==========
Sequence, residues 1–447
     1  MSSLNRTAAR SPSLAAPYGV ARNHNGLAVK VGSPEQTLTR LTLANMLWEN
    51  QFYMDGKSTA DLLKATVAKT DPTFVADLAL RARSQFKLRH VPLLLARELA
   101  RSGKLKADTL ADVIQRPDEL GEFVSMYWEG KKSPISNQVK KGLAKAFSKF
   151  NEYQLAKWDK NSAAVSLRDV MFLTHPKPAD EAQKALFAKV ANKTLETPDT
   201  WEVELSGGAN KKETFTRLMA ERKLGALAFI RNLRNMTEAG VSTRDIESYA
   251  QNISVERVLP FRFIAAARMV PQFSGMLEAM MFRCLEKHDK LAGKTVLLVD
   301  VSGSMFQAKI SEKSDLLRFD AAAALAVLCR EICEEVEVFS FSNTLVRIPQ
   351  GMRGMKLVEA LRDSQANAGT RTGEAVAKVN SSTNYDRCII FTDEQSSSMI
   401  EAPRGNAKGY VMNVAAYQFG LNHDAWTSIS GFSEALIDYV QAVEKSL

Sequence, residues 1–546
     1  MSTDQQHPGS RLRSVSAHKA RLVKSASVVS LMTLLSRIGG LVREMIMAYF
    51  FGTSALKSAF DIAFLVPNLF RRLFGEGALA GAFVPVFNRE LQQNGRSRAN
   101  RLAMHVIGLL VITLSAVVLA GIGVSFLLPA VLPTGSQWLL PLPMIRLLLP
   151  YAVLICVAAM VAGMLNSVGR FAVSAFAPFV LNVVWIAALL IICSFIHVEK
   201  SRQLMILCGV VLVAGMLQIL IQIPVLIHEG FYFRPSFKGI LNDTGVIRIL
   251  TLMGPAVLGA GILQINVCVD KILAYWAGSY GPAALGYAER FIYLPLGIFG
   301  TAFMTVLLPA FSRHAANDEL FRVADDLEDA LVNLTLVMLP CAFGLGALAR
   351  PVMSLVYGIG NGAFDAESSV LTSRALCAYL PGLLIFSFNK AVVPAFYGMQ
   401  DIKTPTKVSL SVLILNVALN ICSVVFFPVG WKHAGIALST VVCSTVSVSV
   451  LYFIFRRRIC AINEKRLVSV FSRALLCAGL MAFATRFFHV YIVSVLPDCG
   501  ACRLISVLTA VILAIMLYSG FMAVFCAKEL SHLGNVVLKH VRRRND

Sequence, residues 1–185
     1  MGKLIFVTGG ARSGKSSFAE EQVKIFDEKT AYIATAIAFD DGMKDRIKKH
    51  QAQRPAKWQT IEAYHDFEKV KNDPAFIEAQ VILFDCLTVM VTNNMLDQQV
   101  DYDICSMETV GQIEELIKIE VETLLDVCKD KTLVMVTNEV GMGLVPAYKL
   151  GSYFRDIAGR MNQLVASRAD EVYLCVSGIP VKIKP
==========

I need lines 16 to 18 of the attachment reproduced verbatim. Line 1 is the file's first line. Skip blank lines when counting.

   201  SRQLMILCGV VLVAGMLQIL IQIPVLIHEG FYFRPSFKGI LNDTGVIRIL
   251  TLMGPAVLGA GILQINVCVD KILAYWAGSY GPAALGYAER FIYLPLGIFG
   301  TAFMTVLLPA FSRHAANDEL FRVADDLEDA LVNLTLVMLP CAFGLGALAR